I know our leaders in Washington are a bit busy right now, too wrapped up in their own battle to be paying attention to the skirmishes taking place in the NHL playoffs. However, I do wish they would take a moment to notice something. I realize the connection between getting a puck in the net and dealing with a national budget crisis may seem a bit of a stretch. But sometimes the outcome of problem solving has more to do with approach than objective. Let me explain.,
In 2004 the Tampa Bay Lightning had not only made it to the Stanley Cup Playoffs, they won. Having just moved to Florida from the Detroit area I was, needless to say, a rabid Red Wings fan. So, having the Cup of Lord Stanley literally follow me to the Sunshine State did much to ease the painful symptoms of some serious Hockey Town withdrawal. Unfortunately, shortly after winning the Stanley Cup during that magnificent season, whatever magic the hockey gods had bestowed upon Tampa Bay was recalled without notice or ceremony.
As the years passed and the Lightning continued to struggle, I felt their pain. I spent too many years leaving Joe Louis Arena with my head hung in disappointed shame not to understand the frustrations of those exiting the St. Pete Times Forum depressed. Then, as if in answer to our prayers, the gods of hockey smiled upon our plight and blessed us with a magnificent gift. In May of 2010, Steve Yzerman became the new general manager of the Tampa Bay Lightning.
As a former resident of Hockey Town with a conflicting desire to throw my support fully behind my team in the Sunshine State, my NHL dreams had finally come full circle. Rather than having to choose between these teams and decide where to place my loyalty, I could now love them both without guilt. Therefore, as I am somewhat of a Red Wings aficionado now living in Lightning territory, allow me to introduce to you our newest resident of Florida and explain the miracle his presence has set in motion.
Steve Yzerman first stepped out onto the ice as a Detroit Red Wing for the 1983-84 Season. That year he set records for a rookie player with 39 goals and 87 points. Steve Yzerman was 18 years old. At the age of 21 he became the youngest player ever to earn the honor of being named team captain. It was a title he would hold for 20 years.
In 1988-89, Stevie set the Detroit franchise record with 65 goals, 90 assists for a staggering season total of 155 points. Steve Yzerman also took third place for points in the entire NHL behind established hockey legends, Wayne Gretzky and Mario Lemieux. Between the years of 1987 and 1993 the determined young captain never failed to exceed 100 points during a game. But for all his tenacity, skill and hunger, the team to which he had dedicated his soul became famous for regular season success only to choke in the heat of the playoffs.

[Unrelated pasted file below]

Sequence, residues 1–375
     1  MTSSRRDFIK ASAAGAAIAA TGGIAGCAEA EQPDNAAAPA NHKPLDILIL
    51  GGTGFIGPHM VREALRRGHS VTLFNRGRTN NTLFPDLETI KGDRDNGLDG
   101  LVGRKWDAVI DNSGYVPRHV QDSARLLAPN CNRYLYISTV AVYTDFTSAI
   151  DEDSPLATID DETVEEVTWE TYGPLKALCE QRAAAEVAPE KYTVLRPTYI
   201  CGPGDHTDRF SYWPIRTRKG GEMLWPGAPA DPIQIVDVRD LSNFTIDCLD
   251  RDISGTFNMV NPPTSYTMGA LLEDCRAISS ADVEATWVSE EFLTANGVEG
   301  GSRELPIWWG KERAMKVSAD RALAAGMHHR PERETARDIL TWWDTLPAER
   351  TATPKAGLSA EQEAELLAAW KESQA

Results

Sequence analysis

I was there for the transformation, when the Detroit Red Wings dropped the Dead Wings moniker and finally put their “red on”. It was called, Scotty Bowman. With the status of being the coach to claim the most Stanley Cups in NHL history, Mr. Bowman was known in Hockey Town as “the man with the jewelry”.
Upon his arrival, Scotty had a challenge to face, several challenges really. Back then, the Detroit Red Wings had an impressive roster of extremely talented players; Steve Yzerman, Sergei Fedorov, Vladimir Konstantinov and the infamous Bob Probert. But as a whole, they were little more than a disorganized assembly of directionless prima donnas.
Mr. Bowman spent most of his first year ruffling ego feathers, shaking up long established lines, dismantling conventional strategies and tossing star players to the bench. Scotty had a plan. He had a plan that worked and Mr. Bowman made it clear in very short order that chaos and egos were not a part of that plan. He was determined to break them down, deliberately and systematically erasing personal illusions of self importance in order to rebuild them as a team. Their resistance was impressive. Scotty’s resolve was epic.
It was Stevie who turned the tide. It’s the story only locals of that time would know. Having the privilege of hanging out with many of the players at local watering spots makes you privy to conversations the local press and sports outlets would never hear. The miracle Stevie set in motion in Detroit came soon after one particular humiliating loss. As the team skulked off the ice to the locker room to grumble and point fingers in any direction but their own, Stevie sat quietly on the bench, his head bowed in the weight of a heavy epiphany. Only when this revelation had sunk in fully and he had accepted its profound consequence did he lift his head to speak.
Now you have to understand the implication of that moment. Steve Yzerman is the sort who only speaks when he is convinced he has something to say. Famous for his calm and an unwavering capacity to govern each word and every action with the utmost of forethought and class, Steve Yzerman was known as one of the most respected players in the entire NHL. When Steve Yzerman spoke, not only did his team mates pay attention but anyone within earshot would shut their mouth and listen.
In his customary demeanor of calm diplomacy the unusually wise young captain advised his team that, while he understood their respective issues with the many changes attempted by their new coach, their way was clearly not working. Time was passing. He wasn’t 18 anymore and in spite of their collective talents and their ability to accomplish impressive things as individuals during regular season it always fell apart under the ultimate test of the playoffs. Convincing his disgruntled team to look past their personal emotions to see and embrace that one fact, he made a simple suggestion, that they at least try it Bowman’s way and see what happened from there.
In 1997, Steve Yzerman was the first captain of the Detroit Red Wings in 42 years to hoist the Stanley Cup over his head. He did it again in 1998 and in the finale of the 2001-02 Season. He did it once more in 2006. The man with the jewelry was right.
On July 3, 2006, Steve Yzerman announced his retirement. Shortly after, he was named Vice President of the Detroit Red Wings. In a pre-game ceremony on January 2, 2007, Hockey Town gathered in Joe Louis Arena once more in their beloved captain’s presence to retire his jersey number. Today, he is the General Manager of the Tampa Bay Lightning.
Enter, Guy Boucher.
OK, maybe his name you didn’t know so well. He played one season for the Viry (1995-96) with 16 goals and 22 assists for a total of 32 points. He also spent 22 minutes warming the bench in the penalty box. Admittedly, when compared to the career of Steve Yzerman, Guy Boucher’s stats do not come off nearly as impressive.